Over the years, the Treasury repeatedly turned to the International Investment and Trade in Services Survey Act of 1976—which shields individuals in countries where Treasuries are narrowly held—as its first line of defense.

The strategy continued even after the Government Accountability Office, in a 1979 investigation, found “no statistical or legal basis” for the blackout. The GAO didn’t have power to force the Treasury to turn over the data, but it concluded the U.S. “made special commitments of financial confidentiality to Saudi Arabia” and possibly other OPEC nations.

Simon, who had by then returned to Wall Street, acknowledged in congressional testimony that “regional reporting was the only way in which Saudi Arabia would agree” to invest using the add-on system.

“It was clear the Treasury people weren’t going to cooperate at all,” said Stephen McSpadden, a former counsel to the congressional subcommittee that pressed for the GAO inquiries. “I’d been at the subcommittee for 17 years, and I’d never seen anything like that.”

Today, Parsky says the secret arrangement with the Saudis should have been dismantled years ago and was surprised the Treasury kept it in place for so long. But even so, he has no regrets.

Doing the deal “was a positive for America.”


For Further Reading About How We Know Saudi Arabia Is The Source of Muslim Terrorism And How United States Politicians Take Money From Saudis To Normalize This Scam, see below…

Oops! Did I say Normalize?

Do we realize how abnormal normal really is now?

Declassified 28 pages from report of Congressional Joint Inquiry into Intelligence Community Activities Before and After the Terrorist Attacks of September 11

Trump administration to sell nuclear weapons to Saudi Arabia

Saudi Arabia and the United States continue negotiations to build reactors in the kingdom

WikiLeaks – Clinton email acknowledgement Saudis fund ISIS and other Sunni terrorists

The Saudi Lobby Juggernaut

WikiLeaks cables portray Saudi Arabia as a cash machine for terrorists

Wikileaks – Saudi Arabia constitute the most significant source of funding to Sunni terrorist groups worldwide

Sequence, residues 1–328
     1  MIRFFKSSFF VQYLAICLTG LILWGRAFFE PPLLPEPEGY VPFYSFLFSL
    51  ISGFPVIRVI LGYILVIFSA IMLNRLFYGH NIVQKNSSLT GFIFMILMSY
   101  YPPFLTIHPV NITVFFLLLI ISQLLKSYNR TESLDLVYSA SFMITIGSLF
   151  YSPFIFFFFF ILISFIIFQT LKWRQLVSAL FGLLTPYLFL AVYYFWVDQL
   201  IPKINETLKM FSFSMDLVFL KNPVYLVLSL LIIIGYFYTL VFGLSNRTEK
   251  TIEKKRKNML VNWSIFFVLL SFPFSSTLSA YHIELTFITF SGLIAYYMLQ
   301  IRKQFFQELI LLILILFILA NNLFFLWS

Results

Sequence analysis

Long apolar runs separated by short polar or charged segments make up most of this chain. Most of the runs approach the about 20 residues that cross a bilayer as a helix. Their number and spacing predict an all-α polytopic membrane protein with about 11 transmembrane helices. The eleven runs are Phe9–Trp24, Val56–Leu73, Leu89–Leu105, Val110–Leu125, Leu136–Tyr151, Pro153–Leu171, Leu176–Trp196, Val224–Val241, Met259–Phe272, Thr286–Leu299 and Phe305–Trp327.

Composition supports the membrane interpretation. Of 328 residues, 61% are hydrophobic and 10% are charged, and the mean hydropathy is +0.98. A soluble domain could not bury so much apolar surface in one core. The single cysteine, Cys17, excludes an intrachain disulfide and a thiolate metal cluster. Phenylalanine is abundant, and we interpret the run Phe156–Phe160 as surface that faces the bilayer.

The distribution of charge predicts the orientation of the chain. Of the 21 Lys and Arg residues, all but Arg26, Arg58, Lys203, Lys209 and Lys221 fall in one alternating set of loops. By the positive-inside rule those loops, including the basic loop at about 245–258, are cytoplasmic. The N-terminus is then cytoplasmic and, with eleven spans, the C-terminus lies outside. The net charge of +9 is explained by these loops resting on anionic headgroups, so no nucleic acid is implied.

In our 65-plus years of experience working on U.S. Middle East policy, we’ve never seen anything like the Trump administration’s willingness to prostitute American interests to Saudi Arabia.

Donald Trump Said Saudi Arabia Was Behind 9/11. Now He’s Going There on His First Foreign Trip.

This is Why the Aliens Won’t Talk to Us

Lockheed Martin and General Dynamics Help Saudis Kill School Bus Filled with Children

‘We Misled You’: How the Saudis Are Coming Clean on Funding Terrorism

Kingdom of Saudi Arabia Gives Clinton Foundation $10-25 Million

Saudi Arabia Is the Biggest Buyer of U.S. Arms

17 Years After 9/11, the US is Allied with Al Qaeda in Syria and Yemen

5 Times the US Actively Supported ISIS or Similar Groups (Yes, Actively)

How long until we abandon the petrodollar?

Theresa May urged not to suppress report into funding of Saudi jihadi groups

Congress suddenly has buyer’s remorse for overriding Obama’s veto of law which allows 9/11 victims’ families to sue Saudi Arabia.

Sunni vs Shia: the roots of Islam’s civil war How this conflict – played out in the rivalry between Iran and Saudi Arabia – is destabilizing the world.

Dance, monkey, dance!

4 thoughts on “This Too Shall Pass: Nothing is Going to Change With US – Saudi Relations No Matter Whom They Murder

Leave a Reply

Fill in your details below or click an icon to log in: Logo

You are commenting using your account. Log Out /  Change )

Google photo

You are commenting using your Google account. Log Out /  Change )

Twitter picture

You are commenting using your Twitter account. Log Out /  Change )

Facebook photo

You are commenting using your Facebook account. Log Out /  Change )

Connecting to %s